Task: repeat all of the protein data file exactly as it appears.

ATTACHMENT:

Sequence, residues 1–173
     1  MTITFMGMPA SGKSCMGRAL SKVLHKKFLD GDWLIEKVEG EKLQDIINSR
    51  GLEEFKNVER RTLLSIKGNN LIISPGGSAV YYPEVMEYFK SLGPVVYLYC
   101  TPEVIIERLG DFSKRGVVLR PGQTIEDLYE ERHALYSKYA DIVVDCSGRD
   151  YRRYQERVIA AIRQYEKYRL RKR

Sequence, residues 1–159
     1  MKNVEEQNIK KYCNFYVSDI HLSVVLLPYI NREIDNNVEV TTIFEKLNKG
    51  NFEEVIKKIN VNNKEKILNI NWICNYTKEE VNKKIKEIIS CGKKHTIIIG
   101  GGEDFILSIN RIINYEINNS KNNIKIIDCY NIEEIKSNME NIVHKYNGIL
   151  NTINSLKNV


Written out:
Sequence, residues 1–173
     1  MTITFMGMPA SGKSCMGRAL SKVLHKKFLD GDWLIEKVEG EKLQDIINSR
    51  GLEEFKNVER RTLLSIKGNN LIISPGGSAV YYPEVMEYFK SLGPVVYLYC
   101  TPEVIIERLG DFSKRGVVLR PGQTIEDLYE ERHALYSKYA DIVVDCSGRD
   151  YRRYQERVIA AIRQYEKYRL RKR

Sequence, residues 1–159
     1  MKNVEEQNIK KYCNFYVSDI HLSVVLLPYI NREIDNNVEV TTIFEKLNKG
    51  NFEEVIKKIN VNNKEKILNI NWICNYTKEE VNKKIKEIIS CGKKHTIIIG
   101  GGEDFILSIN RIINYEINNS KNNIKIIDCY NIEEIKSNME NIVHKYNGIL
   151  NTINSLKNV